Recently there have been a lot of staff lay-offs in the world of law firms.  I know several people personally who have been downsized or restructured out of long-time positions that probably felt pretty secure, even during these trying economic times.

When I was approached last week by a friend and colleague to serve on a panel at the upcoming SEALL Conference, I had to think long and hard about whether or not I was really the best person for the job, in my own opinion.

I’ve been out of the law firm world for nearly a year now.  Working as an independent consultant with a strong legal background is my gig.  However, after discussing this opportunity with friends and trusted advisors I felt that I could offer some useful advise on the topic at hand.  As I learn more details about the other panelists and their message, I hope to add to the wisdom being offered with some out-of-the box observations.

One thing that always amazes me about ecomic crunches is that people are willing to sacrifice some of the golden rule incentives in order to have the assurance of a job.  This post really hits home the idea that managers have a responsibility to be sensitive to the economic issues and the challenges surfacing in this new era of work.  Making work less miserable despite the challenge of doing more with less is the manager’s responsibility.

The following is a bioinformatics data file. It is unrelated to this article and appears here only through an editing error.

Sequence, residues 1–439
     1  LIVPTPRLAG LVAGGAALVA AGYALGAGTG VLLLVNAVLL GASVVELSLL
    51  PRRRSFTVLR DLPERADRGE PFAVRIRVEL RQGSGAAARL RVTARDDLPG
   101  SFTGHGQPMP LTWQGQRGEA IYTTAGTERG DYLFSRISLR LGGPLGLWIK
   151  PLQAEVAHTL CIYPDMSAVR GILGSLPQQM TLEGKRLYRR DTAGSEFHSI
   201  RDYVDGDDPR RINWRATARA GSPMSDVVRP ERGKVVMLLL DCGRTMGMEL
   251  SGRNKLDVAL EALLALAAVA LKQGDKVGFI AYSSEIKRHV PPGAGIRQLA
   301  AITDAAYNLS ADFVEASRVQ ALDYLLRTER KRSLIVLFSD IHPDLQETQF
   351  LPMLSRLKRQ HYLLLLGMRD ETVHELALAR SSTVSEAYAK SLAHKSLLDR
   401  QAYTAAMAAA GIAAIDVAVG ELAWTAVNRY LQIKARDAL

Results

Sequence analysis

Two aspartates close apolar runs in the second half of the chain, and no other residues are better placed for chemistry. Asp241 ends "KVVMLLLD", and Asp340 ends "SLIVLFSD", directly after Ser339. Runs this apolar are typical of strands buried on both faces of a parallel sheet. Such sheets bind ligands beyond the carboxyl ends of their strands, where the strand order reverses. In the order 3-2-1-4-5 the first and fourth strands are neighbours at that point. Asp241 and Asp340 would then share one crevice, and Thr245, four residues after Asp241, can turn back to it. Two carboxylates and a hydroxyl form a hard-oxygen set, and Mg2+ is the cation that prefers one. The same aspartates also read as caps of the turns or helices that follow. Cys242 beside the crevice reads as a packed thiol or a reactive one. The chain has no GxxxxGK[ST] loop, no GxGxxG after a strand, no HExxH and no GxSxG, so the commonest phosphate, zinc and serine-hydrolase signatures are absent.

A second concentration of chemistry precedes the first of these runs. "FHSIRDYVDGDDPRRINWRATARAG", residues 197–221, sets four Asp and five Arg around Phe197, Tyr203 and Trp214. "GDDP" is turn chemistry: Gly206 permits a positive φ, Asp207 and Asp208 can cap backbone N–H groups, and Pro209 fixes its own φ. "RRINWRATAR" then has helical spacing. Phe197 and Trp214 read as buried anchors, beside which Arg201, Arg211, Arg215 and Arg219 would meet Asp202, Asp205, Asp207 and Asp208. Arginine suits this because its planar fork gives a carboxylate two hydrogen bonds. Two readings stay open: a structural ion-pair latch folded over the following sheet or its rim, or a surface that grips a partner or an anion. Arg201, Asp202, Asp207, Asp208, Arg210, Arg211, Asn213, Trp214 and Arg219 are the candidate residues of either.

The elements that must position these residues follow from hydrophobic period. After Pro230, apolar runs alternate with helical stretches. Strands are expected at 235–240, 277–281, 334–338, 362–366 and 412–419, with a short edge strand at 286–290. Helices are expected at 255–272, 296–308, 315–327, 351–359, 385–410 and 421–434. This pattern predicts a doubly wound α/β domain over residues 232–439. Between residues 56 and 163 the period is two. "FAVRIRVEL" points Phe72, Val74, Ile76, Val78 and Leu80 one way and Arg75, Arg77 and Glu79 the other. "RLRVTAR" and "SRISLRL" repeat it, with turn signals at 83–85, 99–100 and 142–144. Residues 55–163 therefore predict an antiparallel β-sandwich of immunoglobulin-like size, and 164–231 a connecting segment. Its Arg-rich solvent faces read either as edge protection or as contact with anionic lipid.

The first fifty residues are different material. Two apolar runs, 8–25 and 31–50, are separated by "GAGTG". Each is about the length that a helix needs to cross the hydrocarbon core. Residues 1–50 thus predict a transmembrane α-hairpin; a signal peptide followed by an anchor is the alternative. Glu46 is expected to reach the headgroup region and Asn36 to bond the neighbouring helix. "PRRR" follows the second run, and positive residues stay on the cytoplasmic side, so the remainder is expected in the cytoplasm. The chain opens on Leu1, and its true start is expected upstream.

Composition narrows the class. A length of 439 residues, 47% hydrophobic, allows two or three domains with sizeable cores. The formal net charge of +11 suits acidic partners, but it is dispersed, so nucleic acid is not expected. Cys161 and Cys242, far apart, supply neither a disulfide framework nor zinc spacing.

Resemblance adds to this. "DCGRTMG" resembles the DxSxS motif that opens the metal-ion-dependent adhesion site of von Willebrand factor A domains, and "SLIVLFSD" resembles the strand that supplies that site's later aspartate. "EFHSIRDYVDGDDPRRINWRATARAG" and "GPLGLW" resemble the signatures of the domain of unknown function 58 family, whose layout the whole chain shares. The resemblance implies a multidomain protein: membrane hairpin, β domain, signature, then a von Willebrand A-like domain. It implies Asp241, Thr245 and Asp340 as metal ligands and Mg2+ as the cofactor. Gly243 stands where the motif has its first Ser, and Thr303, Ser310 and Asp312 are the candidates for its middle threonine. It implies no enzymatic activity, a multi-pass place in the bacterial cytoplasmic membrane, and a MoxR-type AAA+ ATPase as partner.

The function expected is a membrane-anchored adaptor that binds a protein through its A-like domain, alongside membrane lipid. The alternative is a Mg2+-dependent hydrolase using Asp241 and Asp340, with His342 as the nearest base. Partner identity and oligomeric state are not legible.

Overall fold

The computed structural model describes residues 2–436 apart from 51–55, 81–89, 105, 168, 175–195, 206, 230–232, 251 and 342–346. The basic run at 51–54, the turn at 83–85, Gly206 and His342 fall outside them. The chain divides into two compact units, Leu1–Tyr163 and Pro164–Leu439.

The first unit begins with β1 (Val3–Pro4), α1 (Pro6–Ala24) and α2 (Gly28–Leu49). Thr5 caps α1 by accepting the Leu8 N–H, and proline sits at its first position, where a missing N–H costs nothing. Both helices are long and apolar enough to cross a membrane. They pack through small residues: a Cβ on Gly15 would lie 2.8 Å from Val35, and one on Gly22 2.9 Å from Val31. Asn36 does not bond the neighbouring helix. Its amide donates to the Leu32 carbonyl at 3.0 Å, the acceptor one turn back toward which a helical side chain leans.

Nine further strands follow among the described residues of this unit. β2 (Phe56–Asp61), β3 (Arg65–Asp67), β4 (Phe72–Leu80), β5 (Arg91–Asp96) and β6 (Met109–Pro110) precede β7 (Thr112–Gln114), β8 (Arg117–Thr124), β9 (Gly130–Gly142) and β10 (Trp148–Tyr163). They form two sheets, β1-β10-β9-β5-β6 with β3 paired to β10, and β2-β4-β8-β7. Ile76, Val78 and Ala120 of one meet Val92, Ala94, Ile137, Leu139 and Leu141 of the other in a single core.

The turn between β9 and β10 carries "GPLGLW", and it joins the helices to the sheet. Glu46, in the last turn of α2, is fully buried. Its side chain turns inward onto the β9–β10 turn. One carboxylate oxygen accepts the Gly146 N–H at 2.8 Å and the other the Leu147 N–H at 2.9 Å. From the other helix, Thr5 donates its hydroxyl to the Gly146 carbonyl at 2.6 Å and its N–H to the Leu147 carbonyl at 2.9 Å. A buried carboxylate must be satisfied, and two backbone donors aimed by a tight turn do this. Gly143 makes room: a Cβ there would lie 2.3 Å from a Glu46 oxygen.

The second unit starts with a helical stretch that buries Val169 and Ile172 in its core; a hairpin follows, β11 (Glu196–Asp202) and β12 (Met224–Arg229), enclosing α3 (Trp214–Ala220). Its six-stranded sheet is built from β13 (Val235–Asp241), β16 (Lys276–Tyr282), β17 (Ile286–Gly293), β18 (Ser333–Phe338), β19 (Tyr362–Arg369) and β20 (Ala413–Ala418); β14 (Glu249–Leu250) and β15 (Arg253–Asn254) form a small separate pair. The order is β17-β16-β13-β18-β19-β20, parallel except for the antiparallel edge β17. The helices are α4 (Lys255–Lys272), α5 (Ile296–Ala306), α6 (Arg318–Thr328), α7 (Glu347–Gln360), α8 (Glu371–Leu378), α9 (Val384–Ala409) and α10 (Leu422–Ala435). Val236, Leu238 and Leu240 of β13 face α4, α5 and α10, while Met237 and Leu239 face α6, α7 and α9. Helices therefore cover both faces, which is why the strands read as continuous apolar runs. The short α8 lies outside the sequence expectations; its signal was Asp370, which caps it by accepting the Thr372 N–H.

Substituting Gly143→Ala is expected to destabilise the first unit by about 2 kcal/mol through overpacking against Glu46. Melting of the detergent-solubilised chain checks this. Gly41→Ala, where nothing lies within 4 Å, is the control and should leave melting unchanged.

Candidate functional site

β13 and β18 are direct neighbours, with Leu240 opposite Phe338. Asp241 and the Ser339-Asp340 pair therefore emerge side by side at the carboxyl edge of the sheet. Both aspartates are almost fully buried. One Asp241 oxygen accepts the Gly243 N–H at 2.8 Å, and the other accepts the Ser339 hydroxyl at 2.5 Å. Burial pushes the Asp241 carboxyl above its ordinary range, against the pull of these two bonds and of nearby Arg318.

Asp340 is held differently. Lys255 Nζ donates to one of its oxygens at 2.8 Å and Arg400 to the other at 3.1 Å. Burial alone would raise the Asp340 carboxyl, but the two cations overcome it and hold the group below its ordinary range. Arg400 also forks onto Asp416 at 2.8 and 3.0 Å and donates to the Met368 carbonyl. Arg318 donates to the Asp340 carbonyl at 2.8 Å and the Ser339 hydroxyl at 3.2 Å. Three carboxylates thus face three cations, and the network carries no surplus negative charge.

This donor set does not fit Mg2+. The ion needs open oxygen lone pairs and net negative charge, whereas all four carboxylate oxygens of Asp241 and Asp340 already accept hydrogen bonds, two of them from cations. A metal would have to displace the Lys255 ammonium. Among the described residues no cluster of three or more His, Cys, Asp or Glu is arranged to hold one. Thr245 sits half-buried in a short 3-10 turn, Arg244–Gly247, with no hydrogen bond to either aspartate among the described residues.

Managing well goes a long way in retention of talented workers.  This very well may be one of the observations and/or discussion points in my SEALL panel presentation.  The above referenced post certainly gave me strong food for thought.

I must say that work teams are affected in both directions bottom-up and top-down.  Working through that phenomenon is a challenge indeed.

Constance Ard February 22, 2009